Sunday, May 29, 2011

With veins aglow

I would have given up but Edith Wharton's The Age of Innocence is one of my father’s favorite books, so I stuck it out, hoping for an ironic twist or natural catastrophe or messy and embarrassing suicide.

But lacking intellectual pursuits, weird sexual inclinations and/or worthy and urgent causes, the idle rich are a dull lot, and the calamity of this book is that to the last page Newland Archer’s life goes on as tediously as ever.

About 30 pages in I wondered if the book would be concerned solely with the characters’ taste in clothes, their home decorating preferences and whether or not their chefs were any good. There was a bright spot about 3/4s through were Newland realizes he wishes his boring wife May were dead, and I was like, yeaaahh, poison her! That would have livened things up, but alas, murder is just not done.

So what did I learn from this book? I learned that in the late 1800s rich white people were like walking light bulbs. They did a lot of coloring, using the rush and ebb of blood to make their faces and necks light up to convey their feelings, or turn ashen to express discouragement, disappointment or calm. Barely a page goes by without someone’s face flushing, or going pale, or clouding over, or reddening fit to burst! This is obviously the way polite society used to express their emotions.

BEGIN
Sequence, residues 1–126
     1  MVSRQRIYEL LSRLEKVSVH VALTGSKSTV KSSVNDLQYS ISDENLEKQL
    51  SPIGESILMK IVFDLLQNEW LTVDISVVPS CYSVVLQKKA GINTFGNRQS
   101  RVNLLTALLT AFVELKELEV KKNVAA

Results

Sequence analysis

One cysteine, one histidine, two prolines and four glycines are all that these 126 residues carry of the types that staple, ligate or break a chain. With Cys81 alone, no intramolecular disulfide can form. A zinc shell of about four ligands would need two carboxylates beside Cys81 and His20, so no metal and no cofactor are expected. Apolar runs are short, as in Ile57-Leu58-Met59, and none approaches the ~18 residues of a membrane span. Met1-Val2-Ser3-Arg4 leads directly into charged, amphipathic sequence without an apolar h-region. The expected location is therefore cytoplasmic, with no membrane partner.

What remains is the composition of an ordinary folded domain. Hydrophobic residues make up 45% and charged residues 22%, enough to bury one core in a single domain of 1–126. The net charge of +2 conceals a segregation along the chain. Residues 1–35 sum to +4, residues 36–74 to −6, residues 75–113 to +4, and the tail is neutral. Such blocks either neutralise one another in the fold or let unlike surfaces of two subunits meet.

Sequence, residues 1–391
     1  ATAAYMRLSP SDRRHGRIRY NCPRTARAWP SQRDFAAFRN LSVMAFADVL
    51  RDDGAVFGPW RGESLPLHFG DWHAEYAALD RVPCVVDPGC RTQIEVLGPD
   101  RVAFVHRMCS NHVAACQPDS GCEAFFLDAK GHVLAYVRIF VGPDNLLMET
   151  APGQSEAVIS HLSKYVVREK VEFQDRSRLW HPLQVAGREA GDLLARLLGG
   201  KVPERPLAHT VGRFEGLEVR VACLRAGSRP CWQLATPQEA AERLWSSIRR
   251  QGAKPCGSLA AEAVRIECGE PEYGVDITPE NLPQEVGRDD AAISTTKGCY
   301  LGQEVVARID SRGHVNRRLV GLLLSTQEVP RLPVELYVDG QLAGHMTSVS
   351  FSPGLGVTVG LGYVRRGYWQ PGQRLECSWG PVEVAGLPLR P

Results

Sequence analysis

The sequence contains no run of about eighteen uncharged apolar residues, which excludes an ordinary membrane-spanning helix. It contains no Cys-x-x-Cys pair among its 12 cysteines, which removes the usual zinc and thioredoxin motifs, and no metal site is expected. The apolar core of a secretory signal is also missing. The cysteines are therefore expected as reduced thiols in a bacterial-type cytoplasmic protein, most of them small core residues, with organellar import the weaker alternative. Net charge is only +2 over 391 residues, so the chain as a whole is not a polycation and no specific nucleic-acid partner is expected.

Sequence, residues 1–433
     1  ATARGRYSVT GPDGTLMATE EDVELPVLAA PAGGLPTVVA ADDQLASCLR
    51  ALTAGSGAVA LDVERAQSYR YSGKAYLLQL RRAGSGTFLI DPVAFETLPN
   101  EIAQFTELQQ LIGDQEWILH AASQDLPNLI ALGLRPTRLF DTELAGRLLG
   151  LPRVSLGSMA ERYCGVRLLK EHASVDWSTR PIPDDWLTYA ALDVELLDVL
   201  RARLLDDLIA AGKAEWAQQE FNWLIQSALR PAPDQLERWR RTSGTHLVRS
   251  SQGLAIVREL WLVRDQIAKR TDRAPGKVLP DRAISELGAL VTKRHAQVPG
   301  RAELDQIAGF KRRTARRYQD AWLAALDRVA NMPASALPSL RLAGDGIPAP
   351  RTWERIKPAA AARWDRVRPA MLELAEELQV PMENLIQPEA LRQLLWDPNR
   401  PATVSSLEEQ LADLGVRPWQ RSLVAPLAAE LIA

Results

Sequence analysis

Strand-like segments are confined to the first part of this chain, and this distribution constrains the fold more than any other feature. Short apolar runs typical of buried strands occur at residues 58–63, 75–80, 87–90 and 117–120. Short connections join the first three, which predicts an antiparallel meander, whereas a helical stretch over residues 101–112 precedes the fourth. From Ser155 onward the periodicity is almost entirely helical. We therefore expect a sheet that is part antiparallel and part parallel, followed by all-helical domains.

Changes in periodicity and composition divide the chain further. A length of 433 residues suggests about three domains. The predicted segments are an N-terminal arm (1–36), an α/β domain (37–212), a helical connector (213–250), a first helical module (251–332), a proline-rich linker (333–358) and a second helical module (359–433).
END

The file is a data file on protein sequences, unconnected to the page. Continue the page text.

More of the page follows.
The height of this circulatory phenomenon is the exchange between Newland and M. Riviève, the French messenger. It’s practically acrobatic. First, Newland’s words “sent the blood rushing to his temples as if he had been caught by a bent-back branch in a thicket.” Then “he saw his blush more darkly reflected in M. Riviève’s sallow countenance.” At the same time, “M. Rivière paled to his normal hue: paler than that his complexion could hardly turn.” Then “Archer, reddening slightly, dropped to his chair,” and also “M. Rivière reddened, but his eyes did not falter,” just before “the young man’s color again rose.”

Of course these corporeal warmings and chills parallel similar imagery of embers and fireplaces, the sun and the weather, kindled hope and hope extinguished. Still, I did feel at times it was bit overdone.

Here are some other examples, from a list that could be five pages long:

Archer looked at her glowingly p. 21
Miss Archer blushed and tried to look audacious. P. 33.
The young man reddened. p.34
Newland reddened p. 35.
Newland Archer reddened and laughed. P. 53
She glowed with sympathy … a dusky blush rose to her cheek. p. 54.
He colored a little p. 62.
The light touched the russet rings of the dark hair ... and made her pale face paler. p. 63.
The Duke beamed on the group … Madame Olenska’s face grew brilliant with pleasure. p. 65.